PHOTO GALLERY OF THE FAIR IN PLAZA DE ESPAÑA
(click on arrows to view fullscreen)
The president of The Nutrition Association of Chinese in Spain, Pedro Zhang said that with their actions they want to "bring good fortune to Spain" and "the necessary strength to come out of the crisis". Another Chinese woman, who was selling her products in Plaza de España also mentioned the importance of "selling fortune" to the country of Spain, because it doesn't find itself in a good place right now (source).
Another tradition the Chinese community has brought here in Madrid is choosing Miss China during the celebrations. If you want to see what it takes to bring home the title, you can find more about it here.
It seems like the Spanish people are very open to other cultures and traditions. Madrid is one of the cities with the higher concentration of foreigners in Spain and it can be seen that it respects the habits of others, wherever they come from. Not only they held place for such vast festivities with the coming of the Chinese New Year, but they also took part in it. The same way Spanish people like to make their culture and traditions known for everybody who comes visit, they also want to find out about everybody else's habits. The streets were full of locals who tasted the food, bought the products and took part in the festivities. Whether it's from curiosity, open-mindness or simply wanting to have fun, it is fair to say that what they showed during these celebrations is more than just tolerance. They accept you here and welcome you with your whole cultural baggage, wherever you're from. It is, indeed a multicultural city.
How about the Chinese students living here, in Madrid? For the first time, this year held place to a special Chinese celebration for the students at the Polytechnic University of Madrid. The Chinese Students Association of Madrid organized a festivity at The Superior Technical School of Industrial Engineering on the 20th of January. The objective of these celebrations was to strengthen and improve the intercultural communication between young people from the two countries. Wang, the organizer of the event, said the Chinese students "miss their families, and that is why we organized these festivities, so that they can feel the warmth of home and not forget our own culture and tradition". Zhang Mingming, a student from UPM declared that "Thanks to the Student Association of Madrid that organized this celebration of the New Year we no longer feel so lonely in Spain. We are very happy" (read more)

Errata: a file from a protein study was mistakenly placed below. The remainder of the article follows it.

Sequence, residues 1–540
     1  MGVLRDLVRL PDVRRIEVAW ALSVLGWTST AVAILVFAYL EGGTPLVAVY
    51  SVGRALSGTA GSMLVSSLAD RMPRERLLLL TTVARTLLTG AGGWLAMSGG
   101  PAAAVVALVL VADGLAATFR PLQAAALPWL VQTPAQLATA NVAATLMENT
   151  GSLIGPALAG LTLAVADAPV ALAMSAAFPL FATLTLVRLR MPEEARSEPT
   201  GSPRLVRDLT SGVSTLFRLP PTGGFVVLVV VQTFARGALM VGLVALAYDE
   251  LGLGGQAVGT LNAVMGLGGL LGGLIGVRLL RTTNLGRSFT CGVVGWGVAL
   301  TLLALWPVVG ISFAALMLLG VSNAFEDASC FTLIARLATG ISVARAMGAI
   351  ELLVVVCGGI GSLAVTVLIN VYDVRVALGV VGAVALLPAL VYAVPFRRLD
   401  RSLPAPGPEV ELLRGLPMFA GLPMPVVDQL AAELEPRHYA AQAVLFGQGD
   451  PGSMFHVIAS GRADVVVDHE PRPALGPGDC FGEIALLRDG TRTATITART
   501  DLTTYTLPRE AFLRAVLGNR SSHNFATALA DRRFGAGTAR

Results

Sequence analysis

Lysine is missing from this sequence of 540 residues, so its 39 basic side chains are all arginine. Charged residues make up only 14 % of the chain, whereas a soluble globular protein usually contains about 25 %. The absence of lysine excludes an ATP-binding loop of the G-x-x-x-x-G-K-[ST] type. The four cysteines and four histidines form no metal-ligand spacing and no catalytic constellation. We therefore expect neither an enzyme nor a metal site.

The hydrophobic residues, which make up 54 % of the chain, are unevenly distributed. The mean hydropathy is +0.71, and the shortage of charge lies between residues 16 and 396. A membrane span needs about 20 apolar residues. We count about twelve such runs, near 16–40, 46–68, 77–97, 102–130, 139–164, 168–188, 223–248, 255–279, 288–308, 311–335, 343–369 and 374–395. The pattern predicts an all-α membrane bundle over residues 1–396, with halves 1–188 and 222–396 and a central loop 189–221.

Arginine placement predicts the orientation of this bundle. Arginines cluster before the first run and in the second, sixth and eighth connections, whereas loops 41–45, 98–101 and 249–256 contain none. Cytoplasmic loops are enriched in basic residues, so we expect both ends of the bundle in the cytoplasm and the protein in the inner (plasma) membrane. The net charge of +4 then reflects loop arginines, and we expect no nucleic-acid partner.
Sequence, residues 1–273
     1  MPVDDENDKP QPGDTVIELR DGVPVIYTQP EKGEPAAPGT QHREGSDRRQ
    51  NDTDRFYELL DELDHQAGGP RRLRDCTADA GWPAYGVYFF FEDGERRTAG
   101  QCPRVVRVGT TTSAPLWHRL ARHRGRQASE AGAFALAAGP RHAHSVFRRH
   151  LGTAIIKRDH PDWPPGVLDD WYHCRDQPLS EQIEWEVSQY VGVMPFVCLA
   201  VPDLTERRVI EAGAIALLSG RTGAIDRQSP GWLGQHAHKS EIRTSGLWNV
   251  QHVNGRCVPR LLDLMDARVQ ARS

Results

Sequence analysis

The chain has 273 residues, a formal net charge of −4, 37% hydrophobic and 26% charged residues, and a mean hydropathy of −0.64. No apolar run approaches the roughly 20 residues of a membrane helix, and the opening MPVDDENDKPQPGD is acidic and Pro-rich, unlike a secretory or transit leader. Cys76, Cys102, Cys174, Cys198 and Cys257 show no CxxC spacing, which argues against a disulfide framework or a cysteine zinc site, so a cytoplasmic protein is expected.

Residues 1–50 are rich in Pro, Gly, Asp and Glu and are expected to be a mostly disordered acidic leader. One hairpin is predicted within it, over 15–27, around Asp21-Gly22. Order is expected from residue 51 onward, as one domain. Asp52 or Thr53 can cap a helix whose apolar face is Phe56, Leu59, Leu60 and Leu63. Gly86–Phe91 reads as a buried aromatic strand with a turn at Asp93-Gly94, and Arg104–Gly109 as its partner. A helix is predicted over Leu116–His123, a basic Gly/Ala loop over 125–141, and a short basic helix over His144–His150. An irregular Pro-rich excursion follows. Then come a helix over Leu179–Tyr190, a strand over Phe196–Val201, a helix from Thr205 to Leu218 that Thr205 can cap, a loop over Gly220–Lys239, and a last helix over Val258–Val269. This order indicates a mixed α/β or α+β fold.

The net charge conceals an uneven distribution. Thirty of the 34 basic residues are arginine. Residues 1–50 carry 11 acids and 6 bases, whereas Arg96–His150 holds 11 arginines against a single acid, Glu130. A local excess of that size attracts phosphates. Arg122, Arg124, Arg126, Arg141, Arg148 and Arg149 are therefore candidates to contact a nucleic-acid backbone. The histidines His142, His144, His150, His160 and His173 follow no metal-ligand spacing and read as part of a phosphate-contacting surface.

Right now, there are about one thousand Chinese students in the universities of Madrid, the total number of Chinese students in the country being multiplied by more than 10 in the last years. According to the data presented by the China Embassy in Spain, while in 2002 there were 500 Chinese students living in Spain, now that number has increased to 5.500.
Unfortunately, the distance between Spain and China is very big, the two countries being separated by 9.463 kilometres. So it's not that easy to travel back and forth in between the two. Not to mention the difference in calendars. The Chinese living in Europe can't afford to come back home and reunite with their families during the Spring Festival, because they do not have time off.
Fortunately, Spain has been very open to its foreigners, including the Chinese. We met with 3 girls from China who are students in Madrid. One of them came here 2 and a half years ago and the other ones have been staying here for one year and a half. They shared their thoughts and experiences regarding the Chinese celebrations and traditions they had back home and also talked to us about how they feel here and how they celebrated the New Year in Madrid. What's the difference in a foreign country? What do they think of how it was celebrated in Madrid? Do they feel like they belong here?
If you want to see the full interviews, you can find them here: Esperanza, Liza and Zi-han.
© All photos and videos are property and copyright of Ioana Carp, unless mentioned otherwise.
Sunday, January 29, 2012
Friday, January 27, 2012
This is the first part of a series of short videos that will approach the themes of bars, cafés, clubs, drinks, tapas and more. For students of course! More to come. More interesting and more coherent, hopefully.